A couple years ago blogging was a foreign
concept to me. I had read the occasional travel blog by a friend, but the idea
of an ongoing blog seemed rather daunting. I also didn’t have much faith in
myself as a writer or my ideas. But I was lucky, because someone did.
I met the talented Rebecca Emrich at a
mutual workplace and our personalities instantly hit it off. We cared about the
same things, and were passionate about reaching out to people and helping them
along their own paths. When Rebecca first asked me to write for her blog I
initially resisted because I wasn’t sure I was skilled enough to offer
something worth reading. Sure I had opinions (some of them quite strong) and I
loved to research and write about interesting topics, but who would want to
read these if I wrote them down?
I was also intimidated by the fact the blog
had already been an established go-to for many writers before I started. My
thought was that it would be like trying to break into a clique in highschool.
I quickly discovered this was not the case.
From my first post, Rebecca and the readers
embraced me as a member of the Living a Life of Writing community. I instantly
felt inspired to challenge myself and grow as a writer. A year and a half later
I look forward to writing on the blog each week and feel like I am making
valuable contributions. Feedback from readers gives ideas for new topics and
changes that can be made to increase the value of the blog for our audience.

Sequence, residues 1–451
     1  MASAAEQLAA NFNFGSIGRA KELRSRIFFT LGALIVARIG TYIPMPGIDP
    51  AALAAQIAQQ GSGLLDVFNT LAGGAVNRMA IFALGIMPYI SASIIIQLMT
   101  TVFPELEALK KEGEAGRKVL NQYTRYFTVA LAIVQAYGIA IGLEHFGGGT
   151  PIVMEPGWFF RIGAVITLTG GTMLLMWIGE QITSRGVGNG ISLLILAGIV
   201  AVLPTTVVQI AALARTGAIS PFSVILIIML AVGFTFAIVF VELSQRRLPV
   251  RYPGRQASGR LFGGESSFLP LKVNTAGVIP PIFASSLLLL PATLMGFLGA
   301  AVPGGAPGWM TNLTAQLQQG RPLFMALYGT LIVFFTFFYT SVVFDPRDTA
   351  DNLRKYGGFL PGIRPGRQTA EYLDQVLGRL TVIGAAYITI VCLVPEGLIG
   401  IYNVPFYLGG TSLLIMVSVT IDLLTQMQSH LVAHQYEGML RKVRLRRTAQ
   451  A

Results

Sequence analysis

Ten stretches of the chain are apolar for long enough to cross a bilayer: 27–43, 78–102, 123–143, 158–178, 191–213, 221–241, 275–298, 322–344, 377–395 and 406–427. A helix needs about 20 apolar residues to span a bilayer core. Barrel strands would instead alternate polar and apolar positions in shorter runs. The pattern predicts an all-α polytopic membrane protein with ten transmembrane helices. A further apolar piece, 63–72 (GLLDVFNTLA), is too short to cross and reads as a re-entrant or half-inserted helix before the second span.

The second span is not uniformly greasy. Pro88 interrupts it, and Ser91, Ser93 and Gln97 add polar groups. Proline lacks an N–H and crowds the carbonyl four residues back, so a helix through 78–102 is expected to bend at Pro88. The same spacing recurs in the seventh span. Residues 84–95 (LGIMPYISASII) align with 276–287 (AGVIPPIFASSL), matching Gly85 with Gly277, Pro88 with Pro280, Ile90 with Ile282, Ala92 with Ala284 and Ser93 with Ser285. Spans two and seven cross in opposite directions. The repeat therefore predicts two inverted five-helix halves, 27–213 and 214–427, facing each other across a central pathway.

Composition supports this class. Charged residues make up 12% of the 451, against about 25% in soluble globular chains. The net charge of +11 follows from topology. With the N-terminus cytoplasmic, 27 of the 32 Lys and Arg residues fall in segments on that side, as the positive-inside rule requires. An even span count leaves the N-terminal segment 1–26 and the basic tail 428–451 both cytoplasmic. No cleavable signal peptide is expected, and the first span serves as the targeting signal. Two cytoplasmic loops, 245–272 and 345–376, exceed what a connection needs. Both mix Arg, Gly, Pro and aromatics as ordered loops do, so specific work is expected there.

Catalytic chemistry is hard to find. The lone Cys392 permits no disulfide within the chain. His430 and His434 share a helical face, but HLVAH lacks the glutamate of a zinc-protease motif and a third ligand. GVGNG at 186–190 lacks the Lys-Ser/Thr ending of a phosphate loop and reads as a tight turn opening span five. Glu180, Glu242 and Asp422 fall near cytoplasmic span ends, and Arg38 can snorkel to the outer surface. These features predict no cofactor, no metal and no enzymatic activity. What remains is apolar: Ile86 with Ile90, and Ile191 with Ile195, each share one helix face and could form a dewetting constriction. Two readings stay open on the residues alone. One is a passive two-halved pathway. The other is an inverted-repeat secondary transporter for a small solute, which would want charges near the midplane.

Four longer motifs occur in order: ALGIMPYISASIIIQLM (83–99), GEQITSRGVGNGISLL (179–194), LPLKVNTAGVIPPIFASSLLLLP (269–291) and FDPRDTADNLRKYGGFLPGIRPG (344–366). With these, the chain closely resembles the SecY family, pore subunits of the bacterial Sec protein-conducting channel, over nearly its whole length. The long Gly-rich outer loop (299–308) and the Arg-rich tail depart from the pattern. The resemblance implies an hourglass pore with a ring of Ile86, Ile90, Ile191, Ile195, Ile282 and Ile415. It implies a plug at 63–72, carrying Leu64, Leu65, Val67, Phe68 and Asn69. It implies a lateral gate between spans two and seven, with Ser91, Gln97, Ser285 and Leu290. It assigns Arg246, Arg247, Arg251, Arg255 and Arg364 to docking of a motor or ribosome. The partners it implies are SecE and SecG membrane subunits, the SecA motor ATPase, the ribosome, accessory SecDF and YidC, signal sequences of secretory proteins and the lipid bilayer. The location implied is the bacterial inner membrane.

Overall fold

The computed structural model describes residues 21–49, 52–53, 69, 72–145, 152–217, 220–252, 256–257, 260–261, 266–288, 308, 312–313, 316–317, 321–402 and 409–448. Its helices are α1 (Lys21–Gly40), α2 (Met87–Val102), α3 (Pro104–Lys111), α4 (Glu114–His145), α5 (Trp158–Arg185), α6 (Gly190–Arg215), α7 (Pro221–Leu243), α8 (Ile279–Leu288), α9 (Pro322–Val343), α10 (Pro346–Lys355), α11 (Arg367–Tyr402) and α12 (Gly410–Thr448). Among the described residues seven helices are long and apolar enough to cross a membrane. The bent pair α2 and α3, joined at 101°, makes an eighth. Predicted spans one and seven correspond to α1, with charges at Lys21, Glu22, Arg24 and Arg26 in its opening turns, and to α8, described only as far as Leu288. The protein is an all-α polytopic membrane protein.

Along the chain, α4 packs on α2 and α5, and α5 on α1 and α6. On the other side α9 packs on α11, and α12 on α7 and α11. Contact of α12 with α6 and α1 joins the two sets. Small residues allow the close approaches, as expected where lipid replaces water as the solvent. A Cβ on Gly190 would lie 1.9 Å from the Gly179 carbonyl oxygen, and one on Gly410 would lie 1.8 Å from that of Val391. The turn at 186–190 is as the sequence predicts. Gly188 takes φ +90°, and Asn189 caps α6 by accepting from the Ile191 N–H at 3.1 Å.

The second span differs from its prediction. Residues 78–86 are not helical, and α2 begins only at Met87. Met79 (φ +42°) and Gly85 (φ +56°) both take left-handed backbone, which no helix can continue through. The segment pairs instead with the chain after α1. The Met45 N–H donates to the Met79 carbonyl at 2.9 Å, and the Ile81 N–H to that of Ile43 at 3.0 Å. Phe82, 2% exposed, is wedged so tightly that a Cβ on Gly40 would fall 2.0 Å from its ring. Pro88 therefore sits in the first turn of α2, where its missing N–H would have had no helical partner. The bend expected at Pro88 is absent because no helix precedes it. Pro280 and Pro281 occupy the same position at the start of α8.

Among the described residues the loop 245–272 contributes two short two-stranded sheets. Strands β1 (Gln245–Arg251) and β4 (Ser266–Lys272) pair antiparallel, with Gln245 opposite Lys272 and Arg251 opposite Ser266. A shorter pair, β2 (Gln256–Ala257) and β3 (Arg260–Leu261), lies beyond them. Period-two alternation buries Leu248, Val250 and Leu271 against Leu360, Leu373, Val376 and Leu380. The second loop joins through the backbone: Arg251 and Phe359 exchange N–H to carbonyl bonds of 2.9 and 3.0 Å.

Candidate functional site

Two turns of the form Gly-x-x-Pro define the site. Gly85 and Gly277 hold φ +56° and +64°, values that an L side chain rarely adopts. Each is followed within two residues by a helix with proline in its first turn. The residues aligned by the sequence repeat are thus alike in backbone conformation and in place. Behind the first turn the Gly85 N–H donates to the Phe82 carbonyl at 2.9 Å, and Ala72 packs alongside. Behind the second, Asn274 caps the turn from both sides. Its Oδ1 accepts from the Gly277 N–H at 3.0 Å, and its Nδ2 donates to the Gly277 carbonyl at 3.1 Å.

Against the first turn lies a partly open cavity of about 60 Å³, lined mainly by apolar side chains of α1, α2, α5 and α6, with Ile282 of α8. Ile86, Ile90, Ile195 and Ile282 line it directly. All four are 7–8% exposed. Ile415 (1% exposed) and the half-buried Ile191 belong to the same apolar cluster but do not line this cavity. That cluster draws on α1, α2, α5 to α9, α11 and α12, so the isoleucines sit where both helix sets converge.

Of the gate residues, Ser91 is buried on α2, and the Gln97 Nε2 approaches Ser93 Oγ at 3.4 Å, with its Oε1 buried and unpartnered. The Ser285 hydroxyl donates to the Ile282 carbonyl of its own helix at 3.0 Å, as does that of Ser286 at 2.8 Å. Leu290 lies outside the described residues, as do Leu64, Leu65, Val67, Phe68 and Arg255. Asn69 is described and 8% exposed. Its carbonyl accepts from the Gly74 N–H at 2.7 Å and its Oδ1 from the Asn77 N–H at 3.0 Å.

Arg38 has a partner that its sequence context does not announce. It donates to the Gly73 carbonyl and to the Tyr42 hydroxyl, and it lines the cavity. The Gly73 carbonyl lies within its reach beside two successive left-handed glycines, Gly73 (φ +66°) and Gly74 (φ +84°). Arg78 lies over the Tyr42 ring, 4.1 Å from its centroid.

From week to week we can show dynamic changes and develop ideas in a way that a
published book just can’t do as effectively.
Not even a year into working on the blog I
decided I wanted to start my own blog that I’ve mentioned a few times on here
titled The VoiceNotes. This website and blog was an opportunity to tap into my
passion for the voice and explaining the implications of the anatomy and
physiology on healthy voice use. Without this blog and the community of support
I have received, I would have never had the confidence to pursue this dream.
I suppose the take-away message of this
short post is that blogging may seem intimidating, but because it is dynamic in
a way that writing a book or article is not, it allows your readers to really
observe growth in who you are as a writer. In essence you are providing daily
or weekly updates on your perspective and thus you present as more relatable to
your readers. That’s not to say books and other print forms alienate you from
your readers, but we have spoken a lot about the importance of relatability on
your success as a writer and blogging is a very effective forum for this.